The problem now is how to have greater stability while extricating ourselves from the “too big to fail” commitment, and taking a realistic view of the limits of regulation. “Too big to fail” exposes taxpayers to unlimited, uncontrolled liabilities. The moral hazard problem is not just that risk-taking within institutions that are too big to fail is encouraged but that private risk-monitoring of those institutions is discouraged.
… Their activities underwritten by implicit and explicit government guarantee, it is increasingly business as usual for conglomerate banks. The politicians they lobby sound increasingly like their mouthpieces, espousing the revisionist view that the crisis was caused by bad regulation. It was not: the crisis was caused by greedy and inept bank executives who failed to control activities they did not understand. While regulators may be at fault in not having acted sufficiently vigorously, the claim that they caused the crisis is as ludicrous as the claim that crime is caused by the indolence of the police.
The governor of the Bank of England is one of the few public officials to have grasped that the primary purpose of regulation is to protect the public, both as taxpayers and users of financial services, and not to promote the interests of the financial services industry. When the next crisis hits, and it will, that frustrated public is likely to turn, not just on politicians who have been negligently lavish with public funds, or on bankers, but on the market system …
In contrast to the lively debate being witnessed in the United Kingdom (or at least in its leading financial newspaper), the United States appears to be headed in precisely the opposite – and in my opinion wrong – direction.
To wit, the general consensus between the Federal Reserve and the US Treasury appears to be that US banks should not face either punitive charges for receiving capital guarantees, nor be forced to make amends by becoming smaller in size. The Market Watch section of the Wall Street Journal reported last week:
Federal Reserve Board governor Daniel Tarullo said Wednesday that he opposes the “provocative idea” of getting banks out of the business of trading risky securities so they can focus on lending.
In a speech to a business group, Tarullo said he doubted any such ban would end the problem of too-big-to-fail institutions, laying out a pair of objections to the idea of legislation intended to split banks up by their lines of business.
For one thing, Tarullo said, splitting them up wouldn’t end too-big-to-fail concerns because banks have shown the ability to get into trouble through risky lending alone.
Moreover, trading in higher-risk securities would have to go somewhere else if banks couldn’t engage in such activities and wherever it went, the too-big-to-fail problem would go along with it, he said. (Wall Street Journal, October 21, 2009.)
Instead, the camp to broaden regulatory powers and allow greater government supervision is the supposed panacea, according to Tarullo and his kind. The speech to the Exchequer Club made by Tarullo makes the following recommendations:
First would be creation by Congress of a special resolution procedure for systemically important financial firms … A related innovation would be a requirement that each major financial institution draw up and submit for approval to its supervisors a plan for orderly wind-down in the event of serious liquidity or solvency difficulties.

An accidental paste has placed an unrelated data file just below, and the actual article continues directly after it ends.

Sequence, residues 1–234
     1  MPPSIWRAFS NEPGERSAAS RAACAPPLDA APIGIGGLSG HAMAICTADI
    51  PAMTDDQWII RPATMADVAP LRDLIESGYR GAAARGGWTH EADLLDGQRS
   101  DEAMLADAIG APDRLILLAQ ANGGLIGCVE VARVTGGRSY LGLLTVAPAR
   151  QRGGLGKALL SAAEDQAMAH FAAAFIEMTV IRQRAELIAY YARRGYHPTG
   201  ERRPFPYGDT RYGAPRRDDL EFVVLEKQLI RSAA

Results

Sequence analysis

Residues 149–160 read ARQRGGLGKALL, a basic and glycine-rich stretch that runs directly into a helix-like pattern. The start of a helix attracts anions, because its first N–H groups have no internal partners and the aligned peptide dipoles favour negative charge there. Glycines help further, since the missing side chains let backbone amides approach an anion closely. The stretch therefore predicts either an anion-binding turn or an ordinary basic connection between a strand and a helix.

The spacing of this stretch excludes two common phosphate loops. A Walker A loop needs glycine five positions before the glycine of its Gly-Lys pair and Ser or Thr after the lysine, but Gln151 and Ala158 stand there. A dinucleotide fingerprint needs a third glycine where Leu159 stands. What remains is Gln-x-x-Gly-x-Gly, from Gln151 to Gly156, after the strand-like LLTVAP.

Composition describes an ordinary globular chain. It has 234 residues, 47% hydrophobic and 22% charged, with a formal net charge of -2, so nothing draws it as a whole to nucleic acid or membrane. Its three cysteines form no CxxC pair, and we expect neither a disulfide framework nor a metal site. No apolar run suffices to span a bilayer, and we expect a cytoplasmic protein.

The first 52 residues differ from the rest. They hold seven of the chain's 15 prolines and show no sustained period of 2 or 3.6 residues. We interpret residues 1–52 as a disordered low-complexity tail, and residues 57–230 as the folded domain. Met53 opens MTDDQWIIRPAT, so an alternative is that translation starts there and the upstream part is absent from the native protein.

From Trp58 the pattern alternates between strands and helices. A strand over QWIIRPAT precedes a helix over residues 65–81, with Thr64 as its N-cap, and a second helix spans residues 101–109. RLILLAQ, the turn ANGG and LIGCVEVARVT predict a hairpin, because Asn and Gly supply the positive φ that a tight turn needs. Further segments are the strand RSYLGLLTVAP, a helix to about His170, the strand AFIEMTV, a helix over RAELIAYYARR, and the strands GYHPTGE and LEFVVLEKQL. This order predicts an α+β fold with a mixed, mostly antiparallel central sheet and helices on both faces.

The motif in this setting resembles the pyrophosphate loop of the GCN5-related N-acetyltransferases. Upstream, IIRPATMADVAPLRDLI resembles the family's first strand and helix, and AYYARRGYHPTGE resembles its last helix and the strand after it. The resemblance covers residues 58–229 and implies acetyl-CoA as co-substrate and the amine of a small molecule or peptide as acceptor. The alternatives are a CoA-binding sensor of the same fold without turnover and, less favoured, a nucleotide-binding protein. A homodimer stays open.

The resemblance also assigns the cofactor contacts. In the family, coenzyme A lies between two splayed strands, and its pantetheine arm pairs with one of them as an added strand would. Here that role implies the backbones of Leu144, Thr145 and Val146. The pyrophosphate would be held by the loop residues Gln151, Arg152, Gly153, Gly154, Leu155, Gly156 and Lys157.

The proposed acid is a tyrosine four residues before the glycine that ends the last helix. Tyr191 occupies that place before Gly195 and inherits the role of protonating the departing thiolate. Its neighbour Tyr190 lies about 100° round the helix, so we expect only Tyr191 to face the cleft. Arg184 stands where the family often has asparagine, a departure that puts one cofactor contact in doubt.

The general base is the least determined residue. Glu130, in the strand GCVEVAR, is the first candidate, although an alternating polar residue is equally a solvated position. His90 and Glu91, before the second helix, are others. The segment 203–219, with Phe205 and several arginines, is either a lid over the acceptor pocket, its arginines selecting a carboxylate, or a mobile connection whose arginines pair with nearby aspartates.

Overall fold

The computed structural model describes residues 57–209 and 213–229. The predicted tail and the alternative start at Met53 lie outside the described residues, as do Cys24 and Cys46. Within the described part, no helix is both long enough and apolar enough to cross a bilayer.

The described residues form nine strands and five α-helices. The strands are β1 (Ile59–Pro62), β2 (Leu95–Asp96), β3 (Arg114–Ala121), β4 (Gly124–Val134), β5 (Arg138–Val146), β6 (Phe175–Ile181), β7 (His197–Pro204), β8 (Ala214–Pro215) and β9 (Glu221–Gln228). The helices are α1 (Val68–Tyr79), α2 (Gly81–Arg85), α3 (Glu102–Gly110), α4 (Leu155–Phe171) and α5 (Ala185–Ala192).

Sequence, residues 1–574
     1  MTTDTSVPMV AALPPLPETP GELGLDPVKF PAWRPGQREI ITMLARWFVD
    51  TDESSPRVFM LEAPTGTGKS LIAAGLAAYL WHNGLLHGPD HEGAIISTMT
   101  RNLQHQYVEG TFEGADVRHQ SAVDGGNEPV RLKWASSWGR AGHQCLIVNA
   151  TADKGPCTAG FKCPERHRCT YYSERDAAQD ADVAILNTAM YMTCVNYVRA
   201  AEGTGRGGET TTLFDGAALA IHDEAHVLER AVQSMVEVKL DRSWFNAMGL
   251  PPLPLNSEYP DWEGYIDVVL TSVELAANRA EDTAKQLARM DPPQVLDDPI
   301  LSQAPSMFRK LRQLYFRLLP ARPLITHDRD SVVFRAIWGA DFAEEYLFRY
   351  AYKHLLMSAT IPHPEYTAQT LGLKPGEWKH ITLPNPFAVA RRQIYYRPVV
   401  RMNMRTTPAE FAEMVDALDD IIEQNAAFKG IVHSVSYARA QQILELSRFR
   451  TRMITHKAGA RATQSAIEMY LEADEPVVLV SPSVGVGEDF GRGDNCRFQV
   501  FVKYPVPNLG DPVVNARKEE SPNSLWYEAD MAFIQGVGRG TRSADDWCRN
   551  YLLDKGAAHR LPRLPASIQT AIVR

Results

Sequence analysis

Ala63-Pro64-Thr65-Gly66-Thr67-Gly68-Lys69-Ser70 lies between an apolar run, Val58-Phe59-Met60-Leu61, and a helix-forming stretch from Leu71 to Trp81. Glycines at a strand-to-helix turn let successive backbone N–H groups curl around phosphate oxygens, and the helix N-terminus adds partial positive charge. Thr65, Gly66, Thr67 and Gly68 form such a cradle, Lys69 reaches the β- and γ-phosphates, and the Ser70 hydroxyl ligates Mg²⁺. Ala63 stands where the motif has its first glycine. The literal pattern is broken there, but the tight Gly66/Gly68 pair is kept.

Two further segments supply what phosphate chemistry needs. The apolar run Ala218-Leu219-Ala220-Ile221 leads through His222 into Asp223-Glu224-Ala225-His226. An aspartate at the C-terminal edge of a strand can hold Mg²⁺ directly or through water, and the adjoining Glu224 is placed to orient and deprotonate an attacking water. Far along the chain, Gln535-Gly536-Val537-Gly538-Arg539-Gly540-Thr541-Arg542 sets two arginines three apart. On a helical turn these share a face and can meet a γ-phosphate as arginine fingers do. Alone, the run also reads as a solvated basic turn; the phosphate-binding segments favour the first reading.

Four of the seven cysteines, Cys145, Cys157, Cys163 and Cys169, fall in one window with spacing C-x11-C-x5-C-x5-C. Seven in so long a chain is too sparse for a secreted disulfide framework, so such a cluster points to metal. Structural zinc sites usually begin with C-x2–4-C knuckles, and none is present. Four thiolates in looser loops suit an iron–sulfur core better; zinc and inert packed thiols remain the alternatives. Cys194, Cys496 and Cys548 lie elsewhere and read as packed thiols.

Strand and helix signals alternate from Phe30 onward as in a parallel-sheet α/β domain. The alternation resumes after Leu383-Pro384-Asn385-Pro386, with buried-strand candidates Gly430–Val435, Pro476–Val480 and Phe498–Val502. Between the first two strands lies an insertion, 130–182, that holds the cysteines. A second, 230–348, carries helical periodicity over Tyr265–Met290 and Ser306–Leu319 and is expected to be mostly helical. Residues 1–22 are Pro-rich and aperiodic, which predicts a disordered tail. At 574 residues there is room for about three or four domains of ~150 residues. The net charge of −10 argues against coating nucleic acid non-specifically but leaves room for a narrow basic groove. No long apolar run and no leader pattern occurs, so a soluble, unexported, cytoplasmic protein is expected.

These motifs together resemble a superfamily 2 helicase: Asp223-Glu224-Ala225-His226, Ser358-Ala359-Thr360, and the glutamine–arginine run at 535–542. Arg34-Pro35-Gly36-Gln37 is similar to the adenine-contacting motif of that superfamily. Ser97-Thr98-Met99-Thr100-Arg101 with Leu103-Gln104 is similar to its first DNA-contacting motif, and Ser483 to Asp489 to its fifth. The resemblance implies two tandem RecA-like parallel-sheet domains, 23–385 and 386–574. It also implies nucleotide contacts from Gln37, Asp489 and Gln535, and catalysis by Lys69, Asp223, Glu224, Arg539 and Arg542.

A second kind of market discipline initiative is a requirement that large financial firms have specified forms of “contingent capital.” … a regularly issued special debt instrument that would convert to equity during times of financial distress could add market discipline both through the pricing of newly issued instruments and through the interests of current shareholders in avoiding dilution.
A third improvement in market discipline could come through judicious extension of disclosure requirements for regulated financial institutions. Disclosure requirements have at times served as too easy an answer to calls for market discipline … However, an organized inquiry of actual and potential investors might identify discrete categories of information thought to have particular salience for purchase and pricing decisions.
Tarullo may have been living on a different planet than I have over the past year or so. For about the one thing that “investors” as a group have shown over the past year with respect to all classes of bank securities (senior debt, subordinated debt, hybrid capital and equity prices) has been the extremes of fear and greed.
This has been, I hasten to add, not so much a function of the inefficiency of markets per se, but rather the swings caused by the act of second-guessing government intentions at every juncture; in other words, it becomes virtually impossible to assign a fair market price to anything that is essentially a derivative product of political whim.
Given that, specifically what manner of “organized inquiry” does the good governor suggest exactly?
Rather than providing comfort, the speech filled me with dread – the notion that the US government had effectively capitulated to the bank lobbies, and decided to hide behind the facade of market-based solutions to what is essentially a government-created problem.
In comparison to this wishy-washy approach, the solution promoted by the EU is the very model of clarity, on the lines of “none of us understands these large monsters, so we will rather deal with a large number of small monsters than continue having the opposite problem”. So there you have it – the Europeans have finally done something smart enough to make the American stewardship of the global financial system appear not only irresponsible but also untenable.
It is time to go Dutch.